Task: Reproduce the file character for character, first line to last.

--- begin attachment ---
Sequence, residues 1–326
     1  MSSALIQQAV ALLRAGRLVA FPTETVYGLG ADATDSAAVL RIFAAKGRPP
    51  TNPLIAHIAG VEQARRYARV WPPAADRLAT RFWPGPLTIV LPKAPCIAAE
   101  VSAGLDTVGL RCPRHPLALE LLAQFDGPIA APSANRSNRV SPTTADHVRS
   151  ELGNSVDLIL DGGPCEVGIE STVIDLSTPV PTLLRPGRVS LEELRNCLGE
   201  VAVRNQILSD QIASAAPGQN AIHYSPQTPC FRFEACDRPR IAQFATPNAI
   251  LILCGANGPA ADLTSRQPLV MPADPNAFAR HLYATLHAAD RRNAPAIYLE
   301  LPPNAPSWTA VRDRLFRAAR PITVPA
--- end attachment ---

Sequence, residues 1–326
     1  MSSALIQQAV ALLRAGRLVA FPTETVYGLG ADATDSAAVL RIFAAKGRPP
    51  TNPLIAHIAG VEQARRYARV WPPAADRLAT RFWPGPLTIV LPKAPCIAAE
   101  VSAGLDTVGL RCPRHPLALE LLAQFDGPIA APSANRSNRV SPTTADHVRS
   151  ELGNSVDLIL DGGPCEVGIE STVIDLSTPV PTLLRPGRVS LEELRNCLGE
   201  VAVRNQILSD QIASAAPGQN AIHYSPQTPC FRFEACDRPR IAQFATPNAI
   251  LILCGANGPA ADLTSRQPLV MPADPNAFAR HLYATLHAAD RRNAPAIYLE
   301  LPPNAPSWTA VRDRLFRAAR PITVPA